Shank 343 and tube segment 361 are disposed with their respective longitudinal axes spaced from the longitudinal axis of ring body 323 a distance greater than the outside radii of their attached conductors 375, 377. Tube segment 365 is coaxial with ring body 323 and, therefore, conductor 379 is also coaxial with ring body 323.

Conductors 375, 377 and 379 are electron-beam welded to shank 343, tube segment 361 and tube segment 365, respectively. Elecrtron-beam welding of this type is carried out in a high vacuum environment and results in a strong, secure and reliable connection. Thus, conductor 375 is securely connected to anode ring 323 through integral post 325, and conductor 377 is securely connected to conductor 379 through tube 327. When electron-beam welding is used to attach the conductors to the anode ring, insulative core 373 should not be made of silicone rubber, which breaks down under the high temperatures, which may be greater than 1000 F., accompanying the welding process. However, the insulative materials discussed above such as ceramic, alumina or epoxy will withstand such high temperatures with no adverse effects.

Conductors 375, 377 are sheathed in a bilumen, silicone rubber insulation tube 381 which is like bilumen tube 122, except that tube 381 has no unilumen tube molded or vulcanized to one end as does tube 122. Tube 381 has a diameter less than the diameter of passage 333 of ring body 323, and has passage 383 carrying conductor 375, and passage 385 carrying conductor 377. End 387 of tube 381 is telescoped into passage 333 of anode ring 323 from end 335 thereof, with shank 343 and tube segment 361 in turn being telescoped into passages 383, 385, respectively, of tube 381. End 387 of tube 381 extends into ring body 323 past the apertures 339 but just short of the insulative core 373.

Conductor 379 is sheathed in a unilumen, silicone rubber insulation tube 389 which is like unilumen tube 134, except that tube 389 is not molded or vulcanized at one end to a bilumen tube, as is tube 134. Tube 389 has passage 391 carrying conductor 379. End 393 of tube 389 is telescoped into passage 333 of anode ring body 323 from end 337 thereof, with tube segment 365 in turn being telescoped into passage 391 of tube 389. End 393 of tube 389 extends into ring body 323 past the apertures 341 but just short of the insulative core 373.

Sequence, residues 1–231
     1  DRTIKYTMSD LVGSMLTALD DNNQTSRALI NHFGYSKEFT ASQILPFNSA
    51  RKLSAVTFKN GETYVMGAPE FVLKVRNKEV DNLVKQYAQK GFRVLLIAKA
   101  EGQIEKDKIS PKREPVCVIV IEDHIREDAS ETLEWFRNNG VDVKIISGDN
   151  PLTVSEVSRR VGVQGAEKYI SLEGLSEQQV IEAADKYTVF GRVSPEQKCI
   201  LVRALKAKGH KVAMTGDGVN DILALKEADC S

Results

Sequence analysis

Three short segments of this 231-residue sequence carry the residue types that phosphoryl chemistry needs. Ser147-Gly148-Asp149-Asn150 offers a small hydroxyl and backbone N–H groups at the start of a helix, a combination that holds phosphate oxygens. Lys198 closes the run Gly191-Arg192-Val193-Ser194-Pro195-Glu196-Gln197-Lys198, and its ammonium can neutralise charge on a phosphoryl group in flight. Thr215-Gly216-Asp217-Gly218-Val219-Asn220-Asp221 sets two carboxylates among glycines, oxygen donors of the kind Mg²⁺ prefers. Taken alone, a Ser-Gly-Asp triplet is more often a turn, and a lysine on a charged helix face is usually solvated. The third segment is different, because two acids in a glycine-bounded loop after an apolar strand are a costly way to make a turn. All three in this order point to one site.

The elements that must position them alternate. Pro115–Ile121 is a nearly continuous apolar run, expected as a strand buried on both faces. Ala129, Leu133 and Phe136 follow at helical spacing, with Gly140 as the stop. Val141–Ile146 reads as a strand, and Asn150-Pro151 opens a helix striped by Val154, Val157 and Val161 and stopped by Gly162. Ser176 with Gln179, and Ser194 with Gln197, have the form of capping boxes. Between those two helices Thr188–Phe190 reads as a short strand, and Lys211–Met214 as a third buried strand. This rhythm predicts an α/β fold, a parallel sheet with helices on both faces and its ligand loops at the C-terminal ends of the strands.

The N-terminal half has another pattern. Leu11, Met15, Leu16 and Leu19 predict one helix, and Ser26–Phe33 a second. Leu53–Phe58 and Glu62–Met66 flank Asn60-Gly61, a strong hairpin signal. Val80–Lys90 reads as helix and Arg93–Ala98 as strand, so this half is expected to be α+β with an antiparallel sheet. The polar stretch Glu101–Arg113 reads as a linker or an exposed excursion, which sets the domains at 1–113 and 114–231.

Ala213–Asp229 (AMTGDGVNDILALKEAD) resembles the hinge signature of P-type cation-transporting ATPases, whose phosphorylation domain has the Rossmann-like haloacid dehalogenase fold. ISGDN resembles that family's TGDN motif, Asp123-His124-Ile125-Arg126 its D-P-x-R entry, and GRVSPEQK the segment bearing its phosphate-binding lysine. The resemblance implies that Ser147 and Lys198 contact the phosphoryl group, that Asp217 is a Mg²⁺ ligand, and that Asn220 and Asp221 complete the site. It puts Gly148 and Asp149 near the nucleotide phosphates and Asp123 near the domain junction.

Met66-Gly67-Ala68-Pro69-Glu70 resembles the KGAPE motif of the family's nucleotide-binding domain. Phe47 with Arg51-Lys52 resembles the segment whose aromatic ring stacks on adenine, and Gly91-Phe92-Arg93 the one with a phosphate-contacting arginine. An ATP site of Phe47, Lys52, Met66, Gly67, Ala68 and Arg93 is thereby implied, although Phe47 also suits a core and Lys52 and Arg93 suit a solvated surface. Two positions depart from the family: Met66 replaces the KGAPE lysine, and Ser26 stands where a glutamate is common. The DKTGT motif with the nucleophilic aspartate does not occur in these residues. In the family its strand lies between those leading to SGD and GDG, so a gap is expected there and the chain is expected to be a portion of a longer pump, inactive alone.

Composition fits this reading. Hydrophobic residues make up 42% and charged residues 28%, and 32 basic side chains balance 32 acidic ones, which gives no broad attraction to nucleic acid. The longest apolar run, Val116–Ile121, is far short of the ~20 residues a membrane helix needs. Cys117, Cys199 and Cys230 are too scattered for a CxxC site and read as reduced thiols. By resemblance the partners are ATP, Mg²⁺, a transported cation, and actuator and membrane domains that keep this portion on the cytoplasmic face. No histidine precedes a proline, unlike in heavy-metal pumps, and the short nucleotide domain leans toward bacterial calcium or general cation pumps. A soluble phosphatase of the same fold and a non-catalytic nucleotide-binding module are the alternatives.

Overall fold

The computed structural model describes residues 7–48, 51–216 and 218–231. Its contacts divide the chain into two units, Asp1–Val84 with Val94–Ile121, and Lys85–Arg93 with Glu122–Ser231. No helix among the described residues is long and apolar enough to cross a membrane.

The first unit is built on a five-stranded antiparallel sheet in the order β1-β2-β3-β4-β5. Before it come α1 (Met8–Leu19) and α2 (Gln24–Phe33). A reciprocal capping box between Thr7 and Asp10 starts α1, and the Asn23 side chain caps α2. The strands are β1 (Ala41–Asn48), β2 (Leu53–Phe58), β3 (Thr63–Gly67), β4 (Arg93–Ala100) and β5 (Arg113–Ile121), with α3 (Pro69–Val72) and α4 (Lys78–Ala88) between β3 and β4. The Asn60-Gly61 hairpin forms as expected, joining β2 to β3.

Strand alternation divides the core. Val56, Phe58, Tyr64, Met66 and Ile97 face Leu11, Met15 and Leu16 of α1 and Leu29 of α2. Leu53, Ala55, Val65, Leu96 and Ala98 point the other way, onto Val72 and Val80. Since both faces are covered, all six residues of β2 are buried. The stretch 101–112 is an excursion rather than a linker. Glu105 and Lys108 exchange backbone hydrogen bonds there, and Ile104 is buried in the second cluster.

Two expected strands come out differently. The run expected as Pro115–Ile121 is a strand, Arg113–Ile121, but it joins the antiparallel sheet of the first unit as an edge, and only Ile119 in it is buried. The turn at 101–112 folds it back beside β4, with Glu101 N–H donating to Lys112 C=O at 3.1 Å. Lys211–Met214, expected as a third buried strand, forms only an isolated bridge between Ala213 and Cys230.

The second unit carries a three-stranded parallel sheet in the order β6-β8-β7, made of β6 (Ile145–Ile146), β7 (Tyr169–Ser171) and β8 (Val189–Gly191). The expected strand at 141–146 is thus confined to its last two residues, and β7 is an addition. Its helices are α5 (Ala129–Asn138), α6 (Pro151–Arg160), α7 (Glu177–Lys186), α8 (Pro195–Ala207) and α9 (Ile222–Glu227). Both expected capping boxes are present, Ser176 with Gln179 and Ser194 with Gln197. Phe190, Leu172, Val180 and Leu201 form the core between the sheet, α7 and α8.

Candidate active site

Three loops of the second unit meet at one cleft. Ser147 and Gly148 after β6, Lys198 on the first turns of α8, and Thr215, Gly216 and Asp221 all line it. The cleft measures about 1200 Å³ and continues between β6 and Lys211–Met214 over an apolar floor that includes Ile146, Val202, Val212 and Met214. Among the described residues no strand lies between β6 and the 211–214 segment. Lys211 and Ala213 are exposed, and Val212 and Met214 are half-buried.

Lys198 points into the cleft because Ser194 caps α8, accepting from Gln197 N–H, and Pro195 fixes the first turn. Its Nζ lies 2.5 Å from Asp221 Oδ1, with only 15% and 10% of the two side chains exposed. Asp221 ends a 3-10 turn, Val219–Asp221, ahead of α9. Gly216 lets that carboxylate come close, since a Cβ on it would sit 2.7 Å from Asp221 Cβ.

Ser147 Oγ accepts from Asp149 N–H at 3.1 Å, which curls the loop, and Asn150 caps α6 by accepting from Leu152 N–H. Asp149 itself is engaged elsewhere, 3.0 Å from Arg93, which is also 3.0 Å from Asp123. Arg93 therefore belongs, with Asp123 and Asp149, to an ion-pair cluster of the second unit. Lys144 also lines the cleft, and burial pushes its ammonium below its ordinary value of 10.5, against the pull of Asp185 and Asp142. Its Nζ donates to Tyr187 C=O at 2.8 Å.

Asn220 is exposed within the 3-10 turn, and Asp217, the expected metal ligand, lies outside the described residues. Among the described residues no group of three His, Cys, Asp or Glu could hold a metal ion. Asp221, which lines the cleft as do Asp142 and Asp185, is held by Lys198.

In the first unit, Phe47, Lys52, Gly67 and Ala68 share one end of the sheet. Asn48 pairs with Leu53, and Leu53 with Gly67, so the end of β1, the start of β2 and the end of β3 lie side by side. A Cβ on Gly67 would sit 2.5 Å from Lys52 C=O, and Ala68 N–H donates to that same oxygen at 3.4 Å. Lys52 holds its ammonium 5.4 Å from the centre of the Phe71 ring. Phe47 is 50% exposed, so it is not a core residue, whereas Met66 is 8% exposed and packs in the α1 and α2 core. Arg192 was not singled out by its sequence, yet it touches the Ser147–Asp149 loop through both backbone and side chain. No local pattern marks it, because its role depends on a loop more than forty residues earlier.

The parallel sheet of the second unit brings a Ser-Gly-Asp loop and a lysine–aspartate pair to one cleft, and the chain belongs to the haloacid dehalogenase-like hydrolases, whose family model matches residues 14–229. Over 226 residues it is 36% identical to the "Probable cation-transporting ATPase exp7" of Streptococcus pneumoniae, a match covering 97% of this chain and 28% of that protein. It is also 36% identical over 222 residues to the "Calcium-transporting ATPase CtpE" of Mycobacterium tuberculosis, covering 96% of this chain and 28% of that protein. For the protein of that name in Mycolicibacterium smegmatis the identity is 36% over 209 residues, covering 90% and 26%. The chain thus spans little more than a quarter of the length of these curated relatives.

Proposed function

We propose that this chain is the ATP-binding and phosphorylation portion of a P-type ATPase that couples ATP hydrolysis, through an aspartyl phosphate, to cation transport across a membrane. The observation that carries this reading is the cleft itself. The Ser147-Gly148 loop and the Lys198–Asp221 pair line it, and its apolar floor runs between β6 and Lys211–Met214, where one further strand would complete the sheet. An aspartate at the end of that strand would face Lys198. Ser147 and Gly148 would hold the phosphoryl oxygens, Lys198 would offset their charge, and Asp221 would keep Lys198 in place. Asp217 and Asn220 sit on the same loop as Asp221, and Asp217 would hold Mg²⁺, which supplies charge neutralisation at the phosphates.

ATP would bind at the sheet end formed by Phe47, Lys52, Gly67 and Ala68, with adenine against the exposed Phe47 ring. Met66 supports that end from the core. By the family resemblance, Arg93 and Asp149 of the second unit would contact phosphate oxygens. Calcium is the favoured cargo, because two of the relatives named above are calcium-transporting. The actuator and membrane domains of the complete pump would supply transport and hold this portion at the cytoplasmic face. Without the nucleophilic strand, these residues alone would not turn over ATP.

The anode ring of the third embodiment of the invention further includes silicone rubber potted regions 395, 397. Potted region 395 includes a first portion 396 disposed completely circumferentially around bilumen tube 381, and having one end abutting end 335 of ring body 323 and extending therefrom along the length of tube 381 until terminating at a feathered edge 399. The outer diameters of the first portion 396 of potted region 395 and ring body 323 are substantially the same at their interface; the outer diameter of such first portion then decreases or tapers gradually moving away from such interface until it is substantially the same as the outer diameter of tube 381 at feathered edge 399.

Potted region 395 also includes a second portion integral with such first portion 396 and extending therefrom into passage 333 of ring body 323 and entirely filling any spaces around tube 381 between its outer walls and the inner surface 331 of ring body 323; around shaft 343 of anchor post 325, including the area inside passage 383 of tube 381; around tube 327, including the area inside passage 385 of tube 381; around tube 327, including the area inside passage 385 of tube 381; between the end 387 of tube 381 and the adjacent end of insulative core 373; and into and completely filling apertures 339 to a level flush with the outer surface 329 of ring body 323, thus forming a smooth, continuous cylindrical outer surface for ring body 323.

Potted region 397 includes a first portion 401 which abuts distal end 337 of ring body 323 at one of its ends, and from there extends so as to develop a portion of unilumen tube 389 until terminating at a feathered edge 403. The outer diameters of first portion 401 of potted region 397 and ring body 323 are substantially the same at end 337 of ring body 323; the outer diameter then decreases or tapers moving away from end 337 until it is substantially the same as the outer diameter of tube 389 at feathered edge 403. The shape of the outer surface of the first portion 401 of potted region 397 is substantially the same as the shape of the outer surface of potted region 215 shown in FIG. 4 and described above.

Potted region 397 further includes a second portion integral with first portion 401 and extending therefrom into passage 333 of ring body 323 and entirely filling any spaces around tube 389 between its outer walls and the inner surface 331 of ring body 323; around tube 327, including the area inside passage 391 of tube 389; between the end 393 of tube 389 and the adjacent end of insulative core 373; and into and completely filling apertures 341 to a level flush with the outer surface 329 of ring body 323.

In the preferred structure of the third embodiment of the invention with tubes 381, 389 and potted regions 395, 397 all made of silicone rubber, potted regions 395, 397 are vulcanized or molded onto and around the respective tubes 381, 389 so as to be integral therewith, both inside and outside anode ring body 323. Also, potted regions 395, 397 are vulcanized or molded within apertures 339, 341 and onto or around the respective portions of the ring body 323, shaft 343, tube 327 and core 373. Thus, a firm, anchored, separation-resistant adhesive connection is provided between tube 381 and anode ring body 323, and between tube 389 and anode ring body 323.